Adams acknowledged that this approach is a “difficult task” and a “huge undertaking.”

“We are not going to always get it right,” he said.

Removing bureaucratic barriers is a highlight of the plan. His plan includes eliminating a rule that used to mandate that homeless people must stay in a shelter for four months before being able to transition into supportive housing.

The mayor’s plan also speeds up the development of approximately 15,000 supportive housing units, moving their completion date up from 2030 to 2028. 

Synthia, a member of a homeless encampment holds a sign as the New York City police work with the Department of Sanitation to clear a homeless encampment near Tompkins Square Park on April 6, 2022 in the Manhattan borough in New York City. (Image: Stephanie Keith/Getty Images)

Funding falls short of what was promised

Adams’ plan came one day after the City Council adopted a municipal government budget.

Last year, while on the campaign trail, Adams promised $4 billion in funding to tackle New York’s housing crisis however the municipal budget only earmarked $2.5 billion for various initiatives.  

The Legal Aid Society (LAS), which advocates for and defends tenants in court, urged Adams to make good on his initial funding promise while saying the plan is a step in the right direction toward slashing red tape.

In a written statement the LAS said, “But red tape is only a portion of the problem, and homeless New Yorkers, along with low-income households, need genuine access to safe, long-term and affordable housing. This is the only real solution to our city’s sprawling housing crisis, and we call on City Hall to continue to dedicate capital dollars to fund truly affordable housing development throughout the boroughs.”

Assisting Adams’ push to overhaul the New York City Housing Authority (NYCHA) is a state bill, approved by the legislature this year, that creates a trust that could potentially unlock billions of dollars in funding for capital needs in the housing system.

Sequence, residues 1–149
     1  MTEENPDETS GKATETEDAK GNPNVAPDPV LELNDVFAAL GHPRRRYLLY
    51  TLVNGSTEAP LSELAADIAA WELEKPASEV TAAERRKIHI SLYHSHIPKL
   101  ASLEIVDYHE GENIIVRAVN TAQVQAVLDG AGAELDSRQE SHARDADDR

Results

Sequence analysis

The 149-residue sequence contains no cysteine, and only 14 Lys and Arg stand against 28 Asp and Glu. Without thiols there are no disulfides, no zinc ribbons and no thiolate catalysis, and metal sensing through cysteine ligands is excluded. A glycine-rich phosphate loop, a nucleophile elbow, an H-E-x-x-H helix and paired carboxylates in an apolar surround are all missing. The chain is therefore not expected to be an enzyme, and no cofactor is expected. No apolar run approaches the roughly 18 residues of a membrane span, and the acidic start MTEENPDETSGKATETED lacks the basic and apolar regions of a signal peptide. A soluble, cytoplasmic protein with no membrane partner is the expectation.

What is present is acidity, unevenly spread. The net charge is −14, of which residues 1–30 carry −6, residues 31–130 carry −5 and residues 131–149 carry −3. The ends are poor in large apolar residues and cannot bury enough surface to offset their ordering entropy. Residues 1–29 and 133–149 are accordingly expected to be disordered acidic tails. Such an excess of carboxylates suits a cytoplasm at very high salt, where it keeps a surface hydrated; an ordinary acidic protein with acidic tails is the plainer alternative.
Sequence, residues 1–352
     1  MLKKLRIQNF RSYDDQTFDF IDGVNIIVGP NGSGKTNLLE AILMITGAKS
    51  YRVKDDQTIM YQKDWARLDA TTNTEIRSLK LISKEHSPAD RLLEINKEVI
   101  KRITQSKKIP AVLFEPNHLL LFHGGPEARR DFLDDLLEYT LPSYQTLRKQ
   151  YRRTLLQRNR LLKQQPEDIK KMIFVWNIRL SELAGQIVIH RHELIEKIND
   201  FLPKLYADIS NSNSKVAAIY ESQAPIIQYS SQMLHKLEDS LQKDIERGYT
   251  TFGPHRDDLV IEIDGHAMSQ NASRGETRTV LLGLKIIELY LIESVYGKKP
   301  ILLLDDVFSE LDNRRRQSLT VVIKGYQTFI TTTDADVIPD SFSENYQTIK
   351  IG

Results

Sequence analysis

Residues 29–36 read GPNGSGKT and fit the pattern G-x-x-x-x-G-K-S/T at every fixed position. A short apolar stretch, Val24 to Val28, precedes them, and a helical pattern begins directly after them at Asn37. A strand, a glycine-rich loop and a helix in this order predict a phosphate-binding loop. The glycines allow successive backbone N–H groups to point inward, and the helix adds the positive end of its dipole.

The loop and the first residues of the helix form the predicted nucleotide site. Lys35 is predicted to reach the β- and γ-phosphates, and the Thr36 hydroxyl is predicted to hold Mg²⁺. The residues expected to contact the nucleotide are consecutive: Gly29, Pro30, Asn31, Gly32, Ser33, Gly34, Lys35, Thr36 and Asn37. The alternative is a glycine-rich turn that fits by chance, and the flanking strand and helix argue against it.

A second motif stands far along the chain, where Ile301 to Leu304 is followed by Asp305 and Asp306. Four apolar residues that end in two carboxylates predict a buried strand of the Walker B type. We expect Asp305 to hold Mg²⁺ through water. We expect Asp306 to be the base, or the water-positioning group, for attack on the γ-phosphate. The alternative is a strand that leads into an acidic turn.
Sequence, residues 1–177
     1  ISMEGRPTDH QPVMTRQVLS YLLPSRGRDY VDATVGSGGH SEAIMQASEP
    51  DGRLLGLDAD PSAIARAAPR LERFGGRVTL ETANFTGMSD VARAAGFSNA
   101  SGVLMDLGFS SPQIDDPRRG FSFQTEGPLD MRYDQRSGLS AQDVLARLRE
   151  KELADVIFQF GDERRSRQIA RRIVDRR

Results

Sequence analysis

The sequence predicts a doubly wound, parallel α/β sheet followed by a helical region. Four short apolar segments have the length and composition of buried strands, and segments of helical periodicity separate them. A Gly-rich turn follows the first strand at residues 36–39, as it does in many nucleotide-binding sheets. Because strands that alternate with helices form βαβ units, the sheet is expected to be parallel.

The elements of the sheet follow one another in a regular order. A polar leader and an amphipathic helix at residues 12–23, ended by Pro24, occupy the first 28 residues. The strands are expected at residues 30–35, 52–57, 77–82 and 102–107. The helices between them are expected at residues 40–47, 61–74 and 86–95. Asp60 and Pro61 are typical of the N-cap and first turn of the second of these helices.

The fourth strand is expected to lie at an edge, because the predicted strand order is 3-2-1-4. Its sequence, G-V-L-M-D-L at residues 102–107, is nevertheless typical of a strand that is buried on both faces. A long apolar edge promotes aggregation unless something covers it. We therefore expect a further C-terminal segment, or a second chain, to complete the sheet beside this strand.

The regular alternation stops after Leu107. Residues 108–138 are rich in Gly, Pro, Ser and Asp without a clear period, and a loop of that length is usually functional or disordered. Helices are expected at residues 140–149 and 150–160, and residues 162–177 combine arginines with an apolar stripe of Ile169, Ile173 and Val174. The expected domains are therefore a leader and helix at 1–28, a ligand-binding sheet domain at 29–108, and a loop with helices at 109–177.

Adams’ plan also creates a way for tenants of the NYCHA to more easily schedule repairs.

Homelessness advocate speaks up

Adams said that his plan was unique because it was developed with input from people who have experienced homelessness and living in New York’s shelters.

In attendance at the press conference was housing advocate Shams DaBaron, who personally experienced what it was like to be homeless in the Big Apple. 

“Under the previous administration, we were yelling outside of City Hall. Under Mayor Adams, we’ve been allowed inside City Hall, not to be a prop for the press or for any photo-ops. It was New Yorkers helping to craft a housing plan with the administration,” DaBaron said according to the NY Daily News

Adams has faced criticism for his approach in clearing homeless encampments across the city with activists and progressive Democrats characterizing his sweeps of homeless encampments as overly aggressive and inhumane. 

Adams defended his crackdown saying, “Tell them to come join us on the streets because we are on the streets. We’re not sitting back in a classroom with philosophical theory.”